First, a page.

Death, A Notion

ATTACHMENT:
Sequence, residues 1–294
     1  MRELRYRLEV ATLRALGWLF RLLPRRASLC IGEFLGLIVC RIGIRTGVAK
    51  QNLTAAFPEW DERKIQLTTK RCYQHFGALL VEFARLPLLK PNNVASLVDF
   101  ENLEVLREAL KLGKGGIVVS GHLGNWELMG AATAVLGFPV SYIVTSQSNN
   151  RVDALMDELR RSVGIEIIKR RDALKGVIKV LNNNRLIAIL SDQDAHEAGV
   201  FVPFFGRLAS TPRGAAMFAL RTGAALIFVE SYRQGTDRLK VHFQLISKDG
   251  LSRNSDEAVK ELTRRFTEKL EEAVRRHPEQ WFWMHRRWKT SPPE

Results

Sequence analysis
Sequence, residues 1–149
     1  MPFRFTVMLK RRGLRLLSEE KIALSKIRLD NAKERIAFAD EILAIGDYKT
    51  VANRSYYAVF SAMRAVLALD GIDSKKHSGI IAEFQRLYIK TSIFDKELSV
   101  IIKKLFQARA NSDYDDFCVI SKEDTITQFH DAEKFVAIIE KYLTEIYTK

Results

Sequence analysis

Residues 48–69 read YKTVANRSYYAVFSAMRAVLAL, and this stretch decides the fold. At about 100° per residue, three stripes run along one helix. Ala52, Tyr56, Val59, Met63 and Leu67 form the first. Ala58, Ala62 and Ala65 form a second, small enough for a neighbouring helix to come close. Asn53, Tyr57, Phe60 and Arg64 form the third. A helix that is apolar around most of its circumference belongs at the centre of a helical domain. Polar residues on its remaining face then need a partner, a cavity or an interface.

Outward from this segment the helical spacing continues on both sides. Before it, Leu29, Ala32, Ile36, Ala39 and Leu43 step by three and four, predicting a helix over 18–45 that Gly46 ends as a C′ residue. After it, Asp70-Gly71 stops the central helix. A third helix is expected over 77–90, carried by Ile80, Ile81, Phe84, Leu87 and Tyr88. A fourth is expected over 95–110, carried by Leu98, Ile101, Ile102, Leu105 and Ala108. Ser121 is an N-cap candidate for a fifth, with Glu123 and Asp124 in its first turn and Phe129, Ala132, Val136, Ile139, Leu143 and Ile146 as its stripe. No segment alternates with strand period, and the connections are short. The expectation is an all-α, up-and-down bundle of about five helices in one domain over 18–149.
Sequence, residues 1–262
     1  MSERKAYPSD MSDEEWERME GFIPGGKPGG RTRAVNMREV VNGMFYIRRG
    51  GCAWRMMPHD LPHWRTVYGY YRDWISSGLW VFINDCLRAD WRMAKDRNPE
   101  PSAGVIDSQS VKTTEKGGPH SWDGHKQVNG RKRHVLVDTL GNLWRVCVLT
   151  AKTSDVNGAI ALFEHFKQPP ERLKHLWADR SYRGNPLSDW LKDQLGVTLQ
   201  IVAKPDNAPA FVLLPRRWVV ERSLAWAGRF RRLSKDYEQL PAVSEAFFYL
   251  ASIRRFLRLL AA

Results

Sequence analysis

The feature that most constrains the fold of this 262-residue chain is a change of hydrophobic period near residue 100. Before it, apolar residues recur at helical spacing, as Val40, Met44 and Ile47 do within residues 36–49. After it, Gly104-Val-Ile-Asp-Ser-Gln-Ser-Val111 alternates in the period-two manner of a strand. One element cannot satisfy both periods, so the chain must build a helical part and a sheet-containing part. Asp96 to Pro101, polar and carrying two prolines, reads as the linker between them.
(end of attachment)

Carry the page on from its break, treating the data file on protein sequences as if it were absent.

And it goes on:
Contemporary Western society has all but abolished the need for a formal grieving process with death becoming an avoided, feared, and shameful topic. In a brutal revolution from the omnipresent death of the past, death is now unfamiliar and displaced. An all-consuming society rushing to beat mortality by finding new ways to extend one’s lifespan, becoming increasingly secularised and refusing to permit the ugliness of death within the collective happiness of today’s society. This results in places for remembrance and acceptance becoming scarce, with silence and stillness becoming confused and conflicted with the noise of cars and footsteps. Therefore the void between life and death grows larger, increasing in depth and stature as awareness fades. This thesis raises the question of interior design and architecture as a key participant in the discussion of death in contemporary western society. The fractured relationship between death, bereavement and society is analysed in order to establish how societal attitudes and the perception of death has shifted. More precisely the research explores the specificity of an interior spatial design needed to assist the grieving process associated with the loss of a loved one, both at an individual level, and as a collective experience thereby seeking to create a plane of resonance between the land of the living and the obverse, the land of the dead.